One of the hottest on-going debates in reproductive medicine is whether or not to perform genetic testing on embryos as part of the IVF process. This debate is fueled by the fact that not every fertility center has the equipment, the personnel and the training to perform these high tech biopsies. This Clinical Conversation is a review of the latest study on performing genetic testing of embryos in patients with a good prognosis for pregnancy and serves as an example of study attempting to demonstrate that there is no benefit—but their design and conclusions fall short of further analysis.
Review of New England Journal of Medicine study on Genetic Testing vs Transfer of Untested Embryos (19:46): https://youtu.be/6w6P3tm-fas
- The study only included patients that were pre-screened to have the highest chance of pregnancy prior to starting the IVF process…defined as “good prognosis patients.” The average age of these patients was 29, on average they started out with at least 20 eggs and had around 7 embryos available.
- The study was designed as a “non-inferiority study” which means that they were trying to show that there was no difference instead of designing which treatment was associated with a better outcome.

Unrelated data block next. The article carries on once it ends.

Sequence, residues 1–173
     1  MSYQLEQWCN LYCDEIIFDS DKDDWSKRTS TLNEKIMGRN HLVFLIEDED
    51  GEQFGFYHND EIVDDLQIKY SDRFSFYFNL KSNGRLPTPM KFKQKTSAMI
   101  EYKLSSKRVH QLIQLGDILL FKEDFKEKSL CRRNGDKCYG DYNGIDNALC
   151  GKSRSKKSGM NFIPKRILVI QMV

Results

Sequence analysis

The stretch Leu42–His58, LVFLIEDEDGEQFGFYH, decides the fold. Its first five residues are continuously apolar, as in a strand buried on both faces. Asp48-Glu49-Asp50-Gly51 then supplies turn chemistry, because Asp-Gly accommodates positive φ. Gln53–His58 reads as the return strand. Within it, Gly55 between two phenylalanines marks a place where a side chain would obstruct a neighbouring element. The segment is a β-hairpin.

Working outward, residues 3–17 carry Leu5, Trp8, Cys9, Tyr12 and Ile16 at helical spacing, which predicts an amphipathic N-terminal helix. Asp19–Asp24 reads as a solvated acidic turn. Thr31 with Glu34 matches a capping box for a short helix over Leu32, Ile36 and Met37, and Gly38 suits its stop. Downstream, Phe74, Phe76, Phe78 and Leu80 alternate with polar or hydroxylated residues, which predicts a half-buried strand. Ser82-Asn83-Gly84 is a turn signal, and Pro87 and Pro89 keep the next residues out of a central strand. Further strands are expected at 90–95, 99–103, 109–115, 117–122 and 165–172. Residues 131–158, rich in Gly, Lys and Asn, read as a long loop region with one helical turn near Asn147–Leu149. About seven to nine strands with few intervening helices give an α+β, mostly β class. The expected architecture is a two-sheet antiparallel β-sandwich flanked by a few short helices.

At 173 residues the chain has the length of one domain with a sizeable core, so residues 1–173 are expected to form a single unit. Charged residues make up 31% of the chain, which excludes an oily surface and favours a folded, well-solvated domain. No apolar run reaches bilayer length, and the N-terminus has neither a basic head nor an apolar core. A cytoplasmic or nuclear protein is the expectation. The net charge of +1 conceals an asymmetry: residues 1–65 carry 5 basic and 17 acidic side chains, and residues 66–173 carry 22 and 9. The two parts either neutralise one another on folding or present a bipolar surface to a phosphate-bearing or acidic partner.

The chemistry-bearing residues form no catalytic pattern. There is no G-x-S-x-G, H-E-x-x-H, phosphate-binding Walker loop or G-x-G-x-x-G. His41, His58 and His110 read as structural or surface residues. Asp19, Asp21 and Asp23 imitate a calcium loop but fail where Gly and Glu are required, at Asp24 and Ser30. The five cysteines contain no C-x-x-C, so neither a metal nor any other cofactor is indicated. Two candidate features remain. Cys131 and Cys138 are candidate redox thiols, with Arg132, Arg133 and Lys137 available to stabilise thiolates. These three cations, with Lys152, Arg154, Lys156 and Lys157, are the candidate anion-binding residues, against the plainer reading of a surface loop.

- The patients that were in the genetic testing arm of the study were only allowed to have three embryos undergo testing. This is not the standard way that genetic testing is actually used in clinical practice and was designed to limit the benefit of PGT-A (genetic screening for aneuploidy).
- There was a higher risk of twins in the arm of the study that did not have genetic testing because more patients insisted on putting in more than one embryo.
- The miscarriage rate was significantly lower in the patients that had genetic testing—something that was not highlighted by the study authors but was obvious in the data that they presented.
- There were fewer birth defects among the patients that were in the genetic testing group.
In summary, the choice of whether or not to screen embryos prior to Frozen Embryo Transfer (FET) should be the choice of the patient and it should also be based upon the outcome data of their treatment center. One should also consider whether they are (potentially) willing to go through more than one FET to find the embryo most likely to result in a healthy pregnancy.
With informed optimism,
Robert Greene, MD, FACOG
Conceptions Reproductive Associates of Colorado